After it was placed I felt ashamed, like I had let my doula down.  Here she had worked so hard with me so I could have a baby without drugs and I caved!  I started apologizing to her and she was shocked.  Why would I apologize?  She was there to support me no matter what I needed or wanted. 

She told me how well I had done, how well I was still doing. 

A new mother (author Meagan Flaherty) cradles her newborn skin-to-skin soon after delivering poses fpr a picture with Leslie Cuffee (doula)
My doula, Leslie Cuffee*, and me after
delivering my second daughter.
Three hours later, I was holding my daughter.  I had delivered her on my side after laboring on all fours - something I had been told during my first labor impossible with an epidural.  My doula calmly told me that of course I could get on all fours if I wanted and that if I could not hold myself up then she and my husband would support me.  Just knowing that I could made me able to do it. 

I had never held a brand new baby before even though this was my second child!  I didn't know how to initiate breastfeeding or how to hold her.  My doula stayed while we settled.  She took joy in sharing all of those new experiences with us and helped me figure it all out without being intrusive. 

Once she insured we were all happy and ready to begin bonding alone as a family, she quietly packed up and left.  As I nursed my new baby, I thought about how amazing my experience had been delivering her; how healing, and empowering.  How incredibly special.  And how having a doula present changed my experience so much.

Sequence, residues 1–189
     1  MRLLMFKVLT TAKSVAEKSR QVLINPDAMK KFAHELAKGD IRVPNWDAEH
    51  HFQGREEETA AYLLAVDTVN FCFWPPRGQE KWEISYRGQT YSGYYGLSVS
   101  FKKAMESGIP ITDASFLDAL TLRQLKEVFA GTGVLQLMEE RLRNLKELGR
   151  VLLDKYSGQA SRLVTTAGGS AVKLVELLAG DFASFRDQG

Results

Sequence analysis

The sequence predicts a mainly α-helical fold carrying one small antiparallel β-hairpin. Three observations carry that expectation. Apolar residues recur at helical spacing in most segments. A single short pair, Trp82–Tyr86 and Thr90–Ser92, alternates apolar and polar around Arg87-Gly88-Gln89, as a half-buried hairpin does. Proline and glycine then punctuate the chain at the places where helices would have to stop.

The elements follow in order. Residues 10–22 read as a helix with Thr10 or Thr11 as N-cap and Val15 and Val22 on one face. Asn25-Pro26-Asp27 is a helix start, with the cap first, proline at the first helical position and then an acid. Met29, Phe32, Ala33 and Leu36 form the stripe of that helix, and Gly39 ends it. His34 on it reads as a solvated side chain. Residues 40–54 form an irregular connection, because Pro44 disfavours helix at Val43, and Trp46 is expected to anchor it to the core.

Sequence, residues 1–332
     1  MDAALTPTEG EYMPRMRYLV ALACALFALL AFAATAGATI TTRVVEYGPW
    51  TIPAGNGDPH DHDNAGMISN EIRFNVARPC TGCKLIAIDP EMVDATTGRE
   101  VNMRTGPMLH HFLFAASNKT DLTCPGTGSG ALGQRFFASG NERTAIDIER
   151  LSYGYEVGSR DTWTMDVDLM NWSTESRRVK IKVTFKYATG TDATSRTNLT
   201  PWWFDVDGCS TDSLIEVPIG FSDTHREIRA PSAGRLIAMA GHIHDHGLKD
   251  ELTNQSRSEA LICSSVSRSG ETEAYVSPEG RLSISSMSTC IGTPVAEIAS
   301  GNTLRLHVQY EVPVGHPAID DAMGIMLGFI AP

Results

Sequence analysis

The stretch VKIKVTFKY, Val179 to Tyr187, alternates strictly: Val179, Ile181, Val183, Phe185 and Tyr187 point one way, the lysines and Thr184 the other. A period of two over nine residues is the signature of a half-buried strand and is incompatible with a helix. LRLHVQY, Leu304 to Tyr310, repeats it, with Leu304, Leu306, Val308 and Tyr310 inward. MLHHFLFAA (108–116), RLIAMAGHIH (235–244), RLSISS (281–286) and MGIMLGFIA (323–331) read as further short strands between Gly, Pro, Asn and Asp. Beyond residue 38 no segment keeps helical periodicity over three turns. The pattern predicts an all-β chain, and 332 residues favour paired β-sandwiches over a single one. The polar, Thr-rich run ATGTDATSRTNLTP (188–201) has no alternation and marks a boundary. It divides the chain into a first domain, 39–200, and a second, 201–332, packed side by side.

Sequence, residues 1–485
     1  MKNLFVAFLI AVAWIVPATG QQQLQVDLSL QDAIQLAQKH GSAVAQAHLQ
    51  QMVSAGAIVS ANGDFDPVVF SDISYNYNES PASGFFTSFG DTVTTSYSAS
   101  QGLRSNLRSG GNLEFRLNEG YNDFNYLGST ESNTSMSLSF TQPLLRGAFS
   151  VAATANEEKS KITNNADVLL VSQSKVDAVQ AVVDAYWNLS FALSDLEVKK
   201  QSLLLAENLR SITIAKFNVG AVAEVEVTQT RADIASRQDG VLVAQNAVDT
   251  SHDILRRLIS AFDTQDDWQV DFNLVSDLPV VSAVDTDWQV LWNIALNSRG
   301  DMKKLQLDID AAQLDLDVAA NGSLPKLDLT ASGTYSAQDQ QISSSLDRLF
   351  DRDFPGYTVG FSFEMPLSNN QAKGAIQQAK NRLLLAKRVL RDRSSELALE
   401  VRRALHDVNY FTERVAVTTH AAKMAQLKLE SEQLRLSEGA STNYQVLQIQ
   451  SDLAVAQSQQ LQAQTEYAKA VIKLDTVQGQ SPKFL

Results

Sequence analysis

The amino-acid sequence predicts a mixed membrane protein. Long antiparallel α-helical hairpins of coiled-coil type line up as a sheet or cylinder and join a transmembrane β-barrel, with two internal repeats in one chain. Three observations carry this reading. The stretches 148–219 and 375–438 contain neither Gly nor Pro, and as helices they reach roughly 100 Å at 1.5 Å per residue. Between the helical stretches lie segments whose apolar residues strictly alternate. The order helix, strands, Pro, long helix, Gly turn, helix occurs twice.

Over the first few weeks postpartum I noticed an incredible thing had happened; all of my anxiety attacks, flash backs and nightmares I had been experiencing for the past two years since my first delivery had vanished.  During the countless hours spent nursing and caring for the new baby, I found myself reflecting upon my two very different birth experiences.  I began to have this drive - this need - to help other women in the profound way that Leslie, my doula, had helped me.  And so the seed was planted in my mind to become a part of the birth community.  

*image used with permission
Leslie Cuffee - Professional Birth Doula Services

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  1. I'm having such a proud Doula moment right now as I see your empowerment and role in th birth community unfold. I'm so very proud of all YOU have accomplished. Welcome my Doula sister. - Leslie C. Cuffee

    1. Thank you, Leslie, for all of your love and support!